The volatility of the cryptocurrency markets, the risks of financial crime and its effervescent popularity, have made regulators in several countries of the world consider it necessary to implement greater vigilance over the digital finance ecosystem, trying not to stifle innovation.
Recently, countries like China and Sweden , where they develop their own central bank issued digital currencies (CBDC), cracked down on crypto assets, contributing to a rapid market contraction of nearly 30%.
Also, some British banks, including Starling, Monzo and Barclays, have suspended transfers to cryptocurrency exchanges for their clients , due to a potential increase in financial activity suspected of money laundering, according to a Telegraph publication on May 29, 2019. 2021.
Meanwhile, the administration of US President Joe Biden is investigating “gaps” in the supervision of cryptocurrencies, analyzing how to prevent them from being used to finance criminal activities or terrorism.
At the same time, the president of the United States Securities and Exchange Commission (SEC), Gary Gensler, said that it was necessary to have legislation dedicated to cryptocurrency exchanges. Emphasizing that money laundering and illegal activities are its main objective.
It has been noted that the SEC could reject eleven applications to authorize exchange-traded funds for bitcoin (ETFs), and the past market crash would be one of the reasons that could strengthen its position against. However, the commission has yet to make a decision.
Something similar has happened in Mexico, where Santiago Nieto, head of the Finance Intelligence Unit (UIF) of the Treasury, has called for bitcoin and cryptocurrencies to be regulated by the National Banking and Securities Commission (CNBV), for the creation of risk models that prevent money laundering.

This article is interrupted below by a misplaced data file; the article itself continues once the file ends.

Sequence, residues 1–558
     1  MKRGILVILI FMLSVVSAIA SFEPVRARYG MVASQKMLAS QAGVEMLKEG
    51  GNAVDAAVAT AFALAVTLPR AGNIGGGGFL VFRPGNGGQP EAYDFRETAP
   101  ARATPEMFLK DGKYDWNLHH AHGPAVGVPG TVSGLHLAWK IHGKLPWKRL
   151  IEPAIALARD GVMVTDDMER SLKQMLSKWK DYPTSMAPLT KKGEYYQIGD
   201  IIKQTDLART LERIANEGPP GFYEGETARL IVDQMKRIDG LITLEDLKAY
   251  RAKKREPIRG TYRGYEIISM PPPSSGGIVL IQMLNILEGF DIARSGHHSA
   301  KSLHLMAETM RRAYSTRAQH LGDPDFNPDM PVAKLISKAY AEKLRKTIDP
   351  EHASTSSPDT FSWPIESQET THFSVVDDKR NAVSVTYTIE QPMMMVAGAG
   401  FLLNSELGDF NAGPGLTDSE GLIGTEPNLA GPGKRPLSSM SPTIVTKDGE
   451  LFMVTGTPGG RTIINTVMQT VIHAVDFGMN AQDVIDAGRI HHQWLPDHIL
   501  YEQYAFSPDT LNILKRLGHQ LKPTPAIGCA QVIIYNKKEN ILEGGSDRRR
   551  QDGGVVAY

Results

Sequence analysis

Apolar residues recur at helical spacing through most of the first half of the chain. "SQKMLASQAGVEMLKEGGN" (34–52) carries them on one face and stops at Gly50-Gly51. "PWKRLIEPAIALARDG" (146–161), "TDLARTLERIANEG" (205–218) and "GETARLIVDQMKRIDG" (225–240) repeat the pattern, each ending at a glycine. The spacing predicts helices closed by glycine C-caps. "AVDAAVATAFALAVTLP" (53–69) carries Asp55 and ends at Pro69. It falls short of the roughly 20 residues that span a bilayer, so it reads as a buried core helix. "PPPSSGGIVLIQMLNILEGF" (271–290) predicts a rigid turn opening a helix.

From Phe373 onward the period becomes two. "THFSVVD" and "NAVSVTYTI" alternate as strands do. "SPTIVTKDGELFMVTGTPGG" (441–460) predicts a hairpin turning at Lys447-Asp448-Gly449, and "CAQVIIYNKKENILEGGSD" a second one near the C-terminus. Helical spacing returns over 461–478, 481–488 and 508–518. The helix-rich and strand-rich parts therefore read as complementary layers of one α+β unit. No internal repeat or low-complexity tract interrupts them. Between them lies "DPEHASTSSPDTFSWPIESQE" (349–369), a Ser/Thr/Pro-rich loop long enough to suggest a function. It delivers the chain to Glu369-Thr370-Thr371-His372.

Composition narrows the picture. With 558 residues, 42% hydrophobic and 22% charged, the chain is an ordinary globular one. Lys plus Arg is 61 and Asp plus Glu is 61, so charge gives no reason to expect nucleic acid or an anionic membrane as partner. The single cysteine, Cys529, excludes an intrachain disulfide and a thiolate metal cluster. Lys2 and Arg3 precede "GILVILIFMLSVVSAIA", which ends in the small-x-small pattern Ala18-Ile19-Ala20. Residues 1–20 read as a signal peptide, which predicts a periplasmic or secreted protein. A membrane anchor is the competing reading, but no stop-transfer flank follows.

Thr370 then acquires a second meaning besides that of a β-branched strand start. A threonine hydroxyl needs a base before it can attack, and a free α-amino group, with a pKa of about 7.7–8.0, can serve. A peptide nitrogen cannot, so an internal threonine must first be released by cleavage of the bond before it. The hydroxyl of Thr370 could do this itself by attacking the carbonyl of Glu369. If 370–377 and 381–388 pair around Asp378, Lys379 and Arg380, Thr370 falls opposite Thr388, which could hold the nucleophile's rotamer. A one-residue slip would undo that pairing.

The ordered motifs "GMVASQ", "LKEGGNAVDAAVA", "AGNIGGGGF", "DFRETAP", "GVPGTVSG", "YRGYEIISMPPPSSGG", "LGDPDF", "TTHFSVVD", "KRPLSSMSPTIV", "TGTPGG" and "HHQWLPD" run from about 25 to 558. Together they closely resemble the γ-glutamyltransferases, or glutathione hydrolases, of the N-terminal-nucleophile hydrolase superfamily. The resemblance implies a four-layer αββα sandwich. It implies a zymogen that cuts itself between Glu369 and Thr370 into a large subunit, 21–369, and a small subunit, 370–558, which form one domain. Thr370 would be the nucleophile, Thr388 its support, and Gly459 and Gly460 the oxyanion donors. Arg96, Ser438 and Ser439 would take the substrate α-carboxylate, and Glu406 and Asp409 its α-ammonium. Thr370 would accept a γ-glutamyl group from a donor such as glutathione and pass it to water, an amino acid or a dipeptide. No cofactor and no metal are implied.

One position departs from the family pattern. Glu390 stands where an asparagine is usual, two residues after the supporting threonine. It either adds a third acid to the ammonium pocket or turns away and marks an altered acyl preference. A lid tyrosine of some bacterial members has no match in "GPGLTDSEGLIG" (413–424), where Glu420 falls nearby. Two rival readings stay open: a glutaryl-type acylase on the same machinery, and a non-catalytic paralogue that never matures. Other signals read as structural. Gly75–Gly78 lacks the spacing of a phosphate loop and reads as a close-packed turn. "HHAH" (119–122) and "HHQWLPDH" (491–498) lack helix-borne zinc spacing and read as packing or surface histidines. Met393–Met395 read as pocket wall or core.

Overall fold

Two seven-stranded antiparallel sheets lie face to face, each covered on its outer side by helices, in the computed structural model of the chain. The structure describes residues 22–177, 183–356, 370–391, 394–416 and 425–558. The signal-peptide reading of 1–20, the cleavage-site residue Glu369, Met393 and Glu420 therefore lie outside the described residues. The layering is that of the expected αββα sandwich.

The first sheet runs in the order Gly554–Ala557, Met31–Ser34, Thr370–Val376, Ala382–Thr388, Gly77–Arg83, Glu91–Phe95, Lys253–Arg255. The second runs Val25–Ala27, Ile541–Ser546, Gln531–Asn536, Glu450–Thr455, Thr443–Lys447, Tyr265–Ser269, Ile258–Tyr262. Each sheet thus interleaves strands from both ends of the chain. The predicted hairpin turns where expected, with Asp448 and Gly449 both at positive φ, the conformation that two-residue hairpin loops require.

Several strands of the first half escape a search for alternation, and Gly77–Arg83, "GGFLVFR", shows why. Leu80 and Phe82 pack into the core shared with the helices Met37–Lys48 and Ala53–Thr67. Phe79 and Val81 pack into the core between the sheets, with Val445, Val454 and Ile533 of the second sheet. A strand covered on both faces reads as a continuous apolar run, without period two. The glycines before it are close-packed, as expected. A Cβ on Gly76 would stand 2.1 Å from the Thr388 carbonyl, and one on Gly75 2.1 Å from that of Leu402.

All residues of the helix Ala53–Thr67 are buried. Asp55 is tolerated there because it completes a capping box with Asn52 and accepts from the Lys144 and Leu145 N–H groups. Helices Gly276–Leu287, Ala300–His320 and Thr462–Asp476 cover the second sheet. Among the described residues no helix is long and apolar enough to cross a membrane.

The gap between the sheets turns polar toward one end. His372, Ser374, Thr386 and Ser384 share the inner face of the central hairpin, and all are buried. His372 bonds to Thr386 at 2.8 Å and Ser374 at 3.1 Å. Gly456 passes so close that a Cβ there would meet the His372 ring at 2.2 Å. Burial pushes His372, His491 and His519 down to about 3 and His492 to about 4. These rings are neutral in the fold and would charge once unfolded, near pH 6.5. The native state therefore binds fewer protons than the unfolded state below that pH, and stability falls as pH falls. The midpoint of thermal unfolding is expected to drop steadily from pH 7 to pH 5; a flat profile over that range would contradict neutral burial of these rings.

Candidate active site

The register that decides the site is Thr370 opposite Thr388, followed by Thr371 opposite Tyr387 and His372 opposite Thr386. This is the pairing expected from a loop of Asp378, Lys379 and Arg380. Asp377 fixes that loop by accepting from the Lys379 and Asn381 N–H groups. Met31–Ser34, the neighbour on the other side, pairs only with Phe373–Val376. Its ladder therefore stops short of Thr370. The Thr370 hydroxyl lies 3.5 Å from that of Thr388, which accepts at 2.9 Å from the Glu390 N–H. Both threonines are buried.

Regulations could threaten privacy
In part, the regulations that are carried out on exchanges and cryptocurrencies are part of a series of objectives proposed by the Financial Action Task Force (FATF) to mitigate the presumed risks that cryptocurrencies present for terrorist financing and laundering. of money.
The international group asks member countries to deepen their supervision of service providers with virtual assets, which includes greater measures of knowing your client, and the sharing of user data between the different providers.
It also represents an expansion of the virtual asset and service provider category, including stablecoin issuers, decentralized exchanges, DeFi tools and even developers. This global coordination would go against what some consider to be the decentralized essence of bitcoin .
However, on several occasions, some of these regulations have proven to be ineffective. For example, despite China’s ban on the use of bitcoin, there has been an increase in its use clandestinely, according to reports from Bloomberg. In addition, since 2013, bitcoin has been banned in China at least 7 times and yet its use continues to grow.